Go To:

Season Ticket Priority Wait List

X Learn More Secure your seats as soon as they become available.
Learn More

The NBA’s free agent market opened for business this past July 1, and Warriors Owner Joe Lacob, General Manager Bob Myers, Assistant GM Kirk Lacob and Head Coach Mark Jackson were in Los Angeles, making their first pitch to Denver Nuggets swingman Andre Iguodala.

Iguodala quickly made it clear that Golden State was his No. 1 choice in free agency, but the Warriors’ foursome still continued their full-court press. At one point during the meeting with Iguodala and his agent, Rob Pelinka, the Warriors played a video message from point guard Stephen Curry.

“Steph said it’s a great organization, getting things turned around,” Iguodala said. “They want you. We can do some great things. Of course I already knew that, but just hearing it from the team’s franchise player, the face of the team, it means more than people think. Just knowing someone’s welcoming you.

“I don’t know if I really needed to be recruited, but Steph helped. I still have the DVD. I showed it to my son,” he said of Andre Iguodala II. “My son was like, ‘We’re going to go to the Golden State Warriors.’”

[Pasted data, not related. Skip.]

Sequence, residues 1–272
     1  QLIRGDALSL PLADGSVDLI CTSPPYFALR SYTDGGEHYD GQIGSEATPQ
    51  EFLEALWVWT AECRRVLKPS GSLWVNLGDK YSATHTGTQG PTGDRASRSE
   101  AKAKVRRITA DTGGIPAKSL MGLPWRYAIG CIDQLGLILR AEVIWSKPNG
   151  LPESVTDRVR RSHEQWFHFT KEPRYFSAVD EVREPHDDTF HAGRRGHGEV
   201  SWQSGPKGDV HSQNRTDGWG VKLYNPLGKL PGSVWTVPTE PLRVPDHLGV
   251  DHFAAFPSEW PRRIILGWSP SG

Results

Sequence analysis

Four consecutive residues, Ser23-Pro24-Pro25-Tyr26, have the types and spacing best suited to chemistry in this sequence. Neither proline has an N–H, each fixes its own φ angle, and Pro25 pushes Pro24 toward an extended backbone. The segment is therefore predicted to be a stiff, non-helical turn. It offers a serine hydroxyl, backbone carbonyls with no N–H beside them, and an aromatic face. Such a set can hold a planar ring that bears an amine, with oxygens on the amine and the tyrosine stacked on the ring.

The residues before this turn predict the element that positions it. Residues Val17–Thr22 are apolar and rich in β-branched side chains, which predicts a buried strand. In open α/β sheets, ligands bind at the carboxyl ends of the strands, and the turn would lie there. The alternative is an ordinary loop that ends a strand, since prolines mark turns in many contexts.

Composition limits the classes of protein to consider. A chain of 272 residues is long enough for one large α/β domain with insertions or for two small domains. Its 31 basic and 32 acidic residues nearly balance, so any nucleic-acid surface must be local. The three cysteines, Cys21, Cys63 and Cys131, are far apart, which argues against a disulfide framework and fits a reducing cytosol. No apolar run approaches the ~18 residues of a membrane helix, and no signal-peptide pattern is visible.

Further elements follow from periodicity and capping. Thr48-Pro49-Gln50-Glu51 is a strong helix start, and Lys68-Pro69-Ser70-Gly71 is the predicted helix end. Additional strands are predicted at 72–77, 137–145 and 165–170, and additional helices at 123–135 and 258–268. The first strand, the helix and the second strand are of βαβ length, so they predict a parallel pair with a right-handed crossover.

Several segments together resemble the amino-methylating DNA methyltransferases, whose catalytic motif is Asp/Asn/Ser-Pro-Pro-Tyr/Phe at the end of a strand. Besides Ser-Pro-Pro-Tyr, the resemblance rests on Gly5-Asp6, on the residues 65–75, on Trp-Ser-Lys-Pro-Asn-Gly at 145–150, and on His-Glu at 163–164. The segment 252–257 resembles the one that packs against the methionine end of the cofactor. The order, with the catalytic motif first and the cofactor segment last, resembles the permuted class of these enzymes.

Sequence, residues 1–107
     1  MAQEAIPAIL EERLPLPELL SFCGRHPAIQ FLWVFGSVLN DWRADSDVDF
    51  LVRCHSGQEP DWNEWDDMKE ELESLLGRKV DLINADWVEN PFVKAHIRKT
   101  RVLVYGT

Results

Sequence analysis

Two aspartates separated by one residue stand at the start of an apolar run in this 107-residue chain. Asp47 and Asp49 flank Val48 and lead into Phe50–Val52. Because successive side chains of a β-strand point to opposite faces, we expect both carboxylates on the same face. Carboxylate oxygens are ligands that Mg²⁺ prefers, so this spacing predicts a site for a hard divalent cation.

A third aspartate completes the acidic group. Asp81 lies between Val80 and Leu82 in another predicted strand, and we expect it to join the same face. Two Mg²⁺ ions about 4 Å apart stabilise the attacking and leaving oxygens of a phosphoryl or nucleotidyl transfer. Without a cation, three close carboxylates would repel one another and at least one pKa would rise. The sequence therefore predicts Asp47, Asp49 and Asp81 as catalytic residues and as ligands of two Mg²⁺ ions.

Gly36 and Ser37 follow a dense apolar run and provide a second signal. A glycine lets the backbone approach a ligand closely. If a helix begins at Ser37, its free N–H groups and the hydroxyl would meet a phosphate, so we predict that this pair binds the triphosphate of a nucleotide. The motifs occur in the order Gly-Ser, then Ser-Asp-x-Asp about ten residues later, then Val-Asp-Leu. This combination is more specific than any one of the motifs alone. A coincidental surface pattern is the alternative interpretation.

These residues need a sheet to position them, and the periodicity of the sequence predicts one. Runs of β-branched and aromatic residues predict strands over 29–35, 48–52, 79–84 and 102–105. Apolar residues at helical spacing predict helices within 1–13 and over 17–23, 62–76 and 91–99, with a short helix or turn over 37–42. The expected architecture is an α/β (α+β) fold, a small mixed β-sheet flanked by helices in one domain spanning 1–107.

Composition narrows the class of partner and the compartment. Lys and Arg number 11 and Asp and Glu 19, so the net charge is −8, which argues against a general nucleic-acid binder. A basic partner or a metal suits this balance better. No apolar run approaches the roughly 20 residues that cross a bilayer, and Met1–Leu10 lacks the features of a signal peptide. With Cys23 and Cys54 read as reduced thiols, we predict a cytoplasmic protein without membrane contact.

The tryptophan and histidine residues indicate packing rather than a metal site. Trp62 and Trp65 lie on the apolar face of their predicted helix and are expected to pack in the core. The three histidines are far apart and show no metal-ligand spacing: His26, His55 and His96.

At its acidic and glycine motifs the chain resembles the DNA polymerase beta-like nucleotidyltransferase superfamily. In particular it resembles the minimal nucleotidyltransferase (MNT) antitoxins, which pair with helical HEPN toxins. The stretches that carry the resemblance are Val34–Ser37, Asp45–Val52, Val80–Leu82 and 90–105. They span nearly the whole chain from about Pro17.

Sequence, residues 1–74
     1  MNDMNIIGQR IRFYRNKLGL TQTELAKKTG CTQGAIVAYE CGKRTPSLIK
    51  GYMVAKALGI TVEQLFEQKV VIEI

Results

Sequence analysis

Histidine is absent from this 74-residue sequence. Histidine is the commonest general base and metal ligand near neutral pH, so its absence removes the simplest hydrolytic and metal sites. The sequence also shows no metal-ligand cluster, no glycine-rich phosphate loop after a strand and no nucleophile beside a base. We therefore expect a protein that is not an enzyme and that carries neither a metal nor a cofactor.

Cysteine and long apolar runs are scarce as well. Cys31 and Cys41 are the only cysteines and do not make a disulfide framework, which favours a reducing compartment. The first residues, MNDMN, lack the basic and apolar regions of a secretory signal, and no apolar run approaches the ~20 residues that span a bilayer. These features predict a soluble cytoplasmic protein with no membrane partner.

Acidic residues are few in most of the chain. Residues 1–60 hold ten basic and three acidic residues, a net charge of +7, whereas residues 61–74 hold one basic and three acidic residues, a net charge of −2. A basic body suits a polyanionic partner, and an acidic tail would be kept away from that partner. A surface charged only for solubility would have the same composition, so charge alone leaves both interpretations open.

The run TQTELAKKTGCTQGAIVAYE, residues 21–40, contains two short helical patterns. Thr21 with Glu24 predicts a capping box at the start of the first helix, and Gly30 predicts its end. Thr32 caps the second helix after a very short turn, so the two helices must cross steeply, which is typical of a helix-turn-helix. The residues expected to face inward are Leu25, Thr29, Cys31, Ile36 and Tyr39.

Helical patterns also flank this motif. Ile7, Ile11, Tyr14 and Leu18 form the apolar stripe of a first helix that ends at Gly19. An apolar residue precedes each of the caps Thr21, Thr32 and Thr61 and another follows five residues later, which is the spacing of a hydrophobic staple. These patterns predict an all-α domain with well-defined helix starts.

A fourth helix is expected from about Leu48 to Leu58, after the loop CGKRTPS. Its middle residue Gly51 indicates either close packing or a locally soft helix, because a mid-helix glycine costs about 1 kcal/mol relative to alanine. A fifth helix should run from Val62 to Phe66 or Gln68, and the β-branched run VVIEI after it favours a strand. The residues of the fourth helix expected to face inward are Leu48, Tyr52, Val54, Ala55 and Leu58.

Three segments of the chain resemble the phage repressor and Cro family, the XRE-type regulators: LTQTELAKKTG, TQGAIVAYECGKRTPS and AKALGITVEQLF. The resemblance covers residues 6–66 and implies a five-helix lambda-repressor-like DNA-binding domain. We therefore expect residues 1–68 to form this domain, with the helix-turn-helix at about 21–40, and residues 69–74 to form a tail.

Curry talked to and texted Iguodala throughout the free agent process, but his initial message continued to resonate.

“I was just telling him how great our organization is and the changes we made over the past couple years to put ourselves in a good position to be successful,” Curry said. “If he were to choose us in free agency and we were able to get the deal done that he’d be in a great spot, able to be in those playoffs, fighting for a championship. From Coach Jackson on down to the last man on the roster, we have a cohesive unit and a team that has great chemistry so he’d fit right in.”

Nine harrowing days later, the Warriors finally landed Iguodala from Denver in a sign-and-trade, as part of a three-team deal with Andris Biedrins, Richard Jefferson and Brandon Rush going from Golden State to Utah.

There were numerous times during that stretch, Iguodala said, when it looked as if the deal would never happen because the Warriors needed to clear enough salary cap space. But in the end, Myers and company got it done and Iguodala went to work for a Warriors team he had been admiring from afar.